7 min read

Syntax Highlight Code in Markdown

Style code blocks and highlight individual lines.

ByAmir Ardalan

Here is some fancy syntax highlighting using react-syntax-highlighter and react-markdown in Next.js!

tsx
1const Hello = () => { 2 3 return ( 4 <div> 5 Let's dive into syntax highlighting! 6 </div> 7 ) 8} 9 10export default Hello; 11

So how exactly is it done? Most info about this references a now deprecated way of doing this (renderer is no longer a thing). With a bit of digging through the docs here's how you can get code syntax highlighting in Next.js (and Typescript).

Install Dependencies

npm i react-markdown react-syntax-highlighter

If you're using TypeScript, you will also want the Types. The following command will add the types package as a development dependency:
npm i @types/react-syntax-highlighter -D

Configure the ReactMarkdown Component

I will assume you already have some page or component where you are processing Markdown. In the case of react-markdown you may have a component called Markdown.tsx that looks something like this:

tsx
1// Markdown.tsx 2 3import { FC } from 'react; 4import ReactMarkdown from 'react-markdown'; 5 6type MarkdownProps = { 7 markdown: string & { content?: string }; 8}; 9 10const Markdown: FC<MarkdownProps> = ({ markdown }) => { 11 12 return ( 13 <ReactMarkdown> 14 {markdown.content} 15 </ReactMarkdown> 16 ) 17} 18 19export default Markdown; 20

In this basic example, the ReactMarkdown component is being passed raw markdown with the prop markdown.content. You can change this to work for your project.

From here, let's simply add the components prop to ReactMarkdown. This gives us the ability to add SyntaxHighlighter in the next steps.

tsx
1// Markdown.tsx 2 3import { FC } from 'react; 4import ReactMarkdown from 'react-markdown'; 5 6type MarkdownProps = { 7 markdown: string & { content?: string }; 8}; 9 10const Markdown: FC<MarkdownProps> = ({ markdown }) => { 11 12 const MarkdownComponents: object = { 13 // SyntaxHighlight code will go here 14 } 15 16 return ( 17 <ReactMarkdown 18 components={MarkdownComponents} 19 > 20 {markdown.content} 21 </ReactMarkdown> 22 ) 23} 24 25export default Markdown; 26

Choose the Right SyntaxHighlighter Import for Your Project

The official documentation covers this quite well, but here's the tl;dr:

  • Unless you want a massive JS bundle on your markdown pages, you should only be using the Light Build. You will need to manually import the specific languages you are going to be syntax highlighting in your markdown.
  • If you're using Next.js, change the theme import from …/dist/esm/… to …/dist/cjs/…. Hopefully ESM is fully supported in Next.js soon.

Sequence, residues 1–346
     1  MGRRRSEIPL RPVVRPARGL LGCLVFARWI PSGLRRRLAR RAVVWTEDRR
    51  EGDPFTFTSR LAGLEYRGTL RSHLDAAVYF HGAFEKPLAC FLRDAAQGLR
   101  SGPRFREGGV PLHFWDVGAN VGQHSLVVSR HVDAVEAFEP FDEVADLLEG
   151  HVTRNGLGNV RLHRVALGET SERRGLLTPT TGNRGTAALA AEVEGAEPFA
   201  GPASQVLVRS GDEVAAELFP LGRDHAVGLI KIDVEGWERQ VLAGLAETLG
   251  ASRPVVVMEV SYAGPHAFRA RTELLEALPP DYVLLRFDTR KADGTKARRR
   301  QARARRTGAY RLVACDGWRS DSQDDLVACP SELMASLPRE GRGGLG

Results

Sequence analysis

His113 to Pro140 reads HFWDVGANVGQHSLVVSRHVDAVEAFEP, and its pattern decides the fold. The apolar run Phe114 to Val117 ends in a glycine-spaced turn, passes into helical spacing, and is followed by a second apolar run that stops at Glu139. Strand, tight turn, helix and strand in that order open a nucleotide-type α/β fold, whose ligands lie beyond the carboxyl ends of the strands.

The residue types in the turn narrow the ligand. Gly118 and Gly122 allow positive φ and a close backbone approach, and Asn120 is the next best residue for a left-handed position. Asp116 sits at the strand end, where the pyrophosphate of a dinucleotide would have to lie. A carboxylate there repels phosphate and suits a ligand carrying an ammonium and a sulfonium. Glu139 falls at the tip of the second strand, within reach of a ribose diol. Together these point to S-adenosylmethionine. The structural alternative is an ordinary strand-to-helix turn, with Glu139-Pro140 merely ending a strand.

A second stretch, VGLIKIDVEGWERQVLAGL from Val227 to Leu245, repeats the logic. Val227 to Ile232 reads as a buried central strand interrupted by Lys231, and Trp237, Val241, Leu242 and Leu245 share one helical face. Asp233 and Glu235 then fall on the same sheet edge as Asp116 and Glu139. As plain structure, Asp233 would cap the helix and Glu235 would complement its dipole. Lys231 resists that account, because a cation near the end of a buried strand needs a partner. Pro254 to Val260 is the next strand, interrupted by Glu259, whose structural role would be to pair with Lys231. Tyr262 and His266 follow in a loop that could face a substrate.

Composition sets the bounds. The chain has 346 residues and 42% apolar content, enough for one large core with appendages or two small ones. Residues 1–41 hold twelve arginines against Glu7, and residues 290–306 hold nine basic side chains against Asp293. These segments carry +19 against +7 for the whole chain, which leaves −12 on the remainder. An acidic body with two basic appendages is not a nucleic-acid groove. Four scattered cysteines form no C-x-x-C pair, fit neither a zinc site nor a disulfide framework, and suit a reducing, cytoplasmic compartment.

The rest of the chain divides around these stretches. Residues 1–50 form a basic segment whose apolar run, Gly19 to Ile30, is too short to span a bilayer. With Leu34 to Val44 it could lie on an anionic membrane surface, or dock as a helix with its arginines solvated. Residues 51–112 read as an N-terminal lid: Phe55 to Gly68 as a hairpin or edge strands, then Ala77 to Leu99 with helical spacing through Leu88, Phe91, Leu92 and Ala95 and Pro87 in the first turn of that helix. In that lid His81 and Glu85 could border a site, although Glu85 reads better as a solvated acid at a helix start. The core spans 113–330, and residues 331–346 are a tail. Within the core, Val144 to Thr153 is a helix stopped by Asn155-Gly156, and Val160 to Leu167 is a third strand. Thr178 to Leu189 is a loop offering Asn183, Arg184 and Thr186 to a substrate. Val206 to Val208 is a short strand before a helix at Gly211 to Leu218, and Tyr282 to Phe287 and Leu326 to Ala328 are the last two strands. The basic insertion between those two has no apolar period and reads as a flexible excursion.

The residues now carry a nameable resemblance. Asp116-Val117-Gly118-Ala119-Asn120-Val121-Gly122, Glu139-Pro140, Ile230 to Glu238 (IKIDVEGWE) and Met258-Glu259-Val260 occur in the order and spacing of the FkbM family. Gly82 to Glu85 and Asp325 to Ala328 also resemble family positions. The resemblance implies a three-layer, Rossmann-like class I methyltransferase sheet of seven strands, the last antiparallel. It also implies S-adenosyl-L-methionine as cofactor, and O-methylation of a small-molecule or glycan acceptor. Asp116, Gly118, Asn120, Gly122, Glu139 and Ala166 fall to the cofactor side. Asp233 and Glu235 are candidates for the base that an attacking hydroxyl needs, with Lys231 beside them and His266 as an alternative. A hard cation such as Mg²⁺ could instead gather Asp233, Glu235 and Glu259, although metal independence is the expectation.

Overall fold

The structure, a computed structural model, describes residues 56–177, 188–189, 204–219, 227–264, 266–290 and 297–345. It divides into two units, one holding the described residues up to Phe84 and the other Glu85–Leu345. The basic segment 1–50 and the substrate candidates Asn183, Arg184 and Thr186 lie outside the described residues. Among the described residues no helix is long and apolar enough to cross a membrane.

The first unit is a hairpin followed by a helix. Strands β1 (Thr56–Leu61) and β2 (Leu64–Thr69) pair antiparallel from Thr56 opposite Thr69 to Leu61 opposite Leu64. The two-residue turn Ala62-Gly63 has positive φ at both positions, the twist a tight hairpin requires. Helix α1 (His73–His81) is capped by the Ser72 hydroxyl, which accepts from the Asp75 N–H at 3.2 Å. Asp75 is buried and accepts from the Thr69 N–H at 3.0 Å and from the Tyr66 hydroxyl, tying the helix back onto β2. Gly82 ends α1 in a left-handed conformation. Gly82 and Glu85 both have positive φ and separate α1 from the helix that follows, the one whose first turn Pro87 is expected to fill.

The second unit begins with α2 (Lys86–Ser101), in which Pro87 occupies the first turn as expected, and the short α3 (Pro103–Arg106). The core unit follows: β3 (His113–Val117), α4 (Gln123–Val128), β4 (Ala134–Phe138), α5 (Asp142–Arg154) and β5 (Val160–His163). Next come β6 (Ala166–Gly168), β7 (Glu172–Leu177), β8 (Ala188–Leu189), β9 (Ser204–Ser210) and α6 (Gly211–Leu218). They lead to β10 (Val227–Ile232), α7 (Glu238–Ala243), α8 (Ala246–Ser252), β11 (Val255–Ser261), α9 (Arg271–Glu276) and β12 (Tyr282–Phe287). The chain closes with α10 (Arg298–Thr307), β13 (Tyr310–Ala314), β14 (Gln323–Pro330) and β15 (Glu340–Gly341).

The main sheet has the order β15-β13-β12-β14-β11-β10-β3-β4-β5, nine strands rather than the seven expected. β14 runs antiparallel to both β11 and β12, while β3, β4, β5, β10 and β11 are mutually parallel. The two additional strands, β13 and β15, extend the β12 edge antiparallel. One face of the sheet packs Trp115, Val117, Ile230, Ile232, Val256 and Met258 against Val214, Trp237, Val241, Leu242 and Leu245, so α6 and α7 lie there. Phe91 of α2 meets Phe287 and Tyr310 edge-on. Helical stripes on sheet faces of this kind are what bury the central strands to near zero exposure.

• If you want to syntax highlight TSX/JSX you must use Prism. Highlight.js does not support TSX or JSX.

For the rest of this guide, I will be using the Prism Light Build with cjs imports. I will add TSX, TypeScript, SCSS, Bash, Markdown, and JSON support. Simply add whichever languages you'd like to use. Check here for languages supported by Prism.

tsx
1// Markdown.tsx 2 3import { FC } from 'react; 4import ReactMarkdown from 'react-markdown'; 5import { PrismLight as SyntaxHighlighter } from 'react-syntax-highlighter'; 6import tsx from 'react-syntax-highlighter/dist/cjs/languages/prism/tsx'; 7import typescript from 'react-syntax-highlighter/dist/cjs/languages/prism/typescript'; 8import scss from 'react-syntax-highlighter/dist/cjs/languages/prism/scss'; 9import bash from 'react-syntax-highlighter/dist/cjs/languages/prism/bash'; 10import markdown from 'react-syntax-highlighter/dist/cjs/languages/prism/markdown'; 11import json from 'react-syntax-highlighter/dist/cjs/languages/prism/json'; 12 13SyntaxHighlighter.registerLanguage('tsx', tsx); 14SyntaxHighlighter.registerLanguage('typescript', typescript); 15SyntaxHighlighter.registerLanguage('scss', scss); 16SyntaxHighlighter.registerLanguage('bash', bash); 17SyntaxHighlighter.registerLanguage('markdown', markdown); 18SyntaxHighlighter.registerLanguage('json', json); 19 20const Markdown: FC<MarkdownProps> = ({ markdown }) => { 21 22 type MarkdownProps = { 23 markdown: string & { content?: string }; 24 }; 25 26 const MarkdownComponents: object = { 27 // SyntaxHighlight code will go here 28 } 29 30 return ( 31 <ReactMarkdown 32 components={MarkdownComponents} 33 > 34 {markdown.content} 35 </ReactMarkdown> 36 ) 37} 38 39export default Markdown; 40

Configure the SyntaxHighlighter component and add Line Highlighting Functionality

Let's finally start adding code for our ReactMarkdown custom component. We will import a theme and parse-numeric-range for the line highlight logic.

tsx